Biggest Loser from A-Rod Story
The question was posed to me over the weekend. Who loses financially if Alex Rodriguez did indeed take performance-enhancing drugs in 2003, as reported?
Is it Rodriguez? Of course not. He'll likely leave baseball as the richest player ever.
Is it the Yankees? Of course not. They're losing more from bankers eating their deposits now that they can no longer afford season tickets.
Is it Major League Baseball? Of course not. We've gone through so many names already and attendance still holds up.
Is it a little town in upstate New York with a population of 1,900 people? You got it.
Induction weekend has the potential to make up more than 10 percent of annual attendance. So you can imagine what happens if you have more weekends like you did last year with Goose Gossage (14,000 people) versus the year before when Cal Ripken Jr. and Tony Gwynn were enshrined (75,000 people).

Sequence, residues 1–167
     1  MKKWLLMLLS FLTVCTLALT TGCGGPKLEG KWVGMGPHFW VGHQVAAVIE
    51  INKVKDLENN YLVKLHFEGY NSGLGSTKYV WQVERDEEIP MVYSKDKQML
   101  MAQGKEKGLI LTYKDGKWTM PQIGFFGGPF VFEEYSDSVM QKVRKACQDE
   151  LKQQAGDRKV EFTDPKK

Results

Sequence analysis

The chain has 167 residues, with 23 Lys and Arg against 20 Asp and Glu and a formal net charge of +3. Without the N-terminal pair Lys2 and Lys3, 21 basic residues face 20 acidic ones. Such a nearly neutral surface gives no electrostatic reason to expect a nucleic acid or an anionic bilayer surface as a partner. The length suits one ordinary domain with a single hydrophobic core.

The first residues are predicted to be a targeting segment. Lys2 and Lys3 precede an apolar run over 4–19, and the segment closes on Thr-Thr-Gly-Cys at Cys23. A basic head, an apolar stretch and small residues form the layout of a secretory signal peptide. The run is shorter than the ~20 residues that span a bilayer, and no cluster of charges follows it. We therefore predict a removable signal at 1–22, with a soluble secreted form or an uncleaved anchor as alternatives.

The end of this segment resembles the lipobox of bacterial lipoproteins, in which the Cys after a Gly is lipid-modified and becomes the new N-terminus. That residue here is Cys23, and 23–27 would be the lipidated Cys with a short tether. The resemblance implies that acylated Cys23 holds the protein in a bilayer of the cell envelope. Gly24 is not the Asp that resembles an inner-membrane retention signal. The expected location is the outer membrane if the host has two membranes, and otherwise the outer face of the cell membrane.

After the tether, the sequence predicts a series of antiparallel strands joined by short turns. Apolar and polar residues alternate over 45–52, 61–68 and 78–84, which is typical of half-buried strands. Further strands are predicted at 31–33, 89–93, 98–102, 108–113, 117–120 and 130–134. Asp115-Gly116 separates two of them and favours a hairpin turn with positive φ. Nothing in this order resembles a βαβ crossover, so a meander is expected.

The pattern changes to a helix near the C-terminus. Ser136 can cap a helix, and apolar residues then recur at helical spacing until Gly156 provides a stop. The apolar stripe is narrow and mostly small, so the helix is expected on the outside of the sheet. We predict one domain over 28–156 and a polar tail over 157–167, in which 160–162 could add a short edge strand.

Attendance at the National Baseball Hall of Fame broke the 300,000 mark this past year for the 11th straight year, but it barely made it at 301,755 fans and attendance was down 14 percent.
You can imagine how bad it's going to be when there are literally no stars to induct. Without pushing for a steroid wing (can you imagine an entrance with a giant asterisk?), the Hall is going to be hard pressed to keep their attendance streak going for long.
Forget about Sosa, Bonds, Palmeiro, Clemens, McGwire and now, perhaps, A-Rod? I don't know about you, but Andre Dawson, Roberto Alomar and Fred McGriff probably don't get me to make the inconvenient trip up to Cooperstown anytime soon.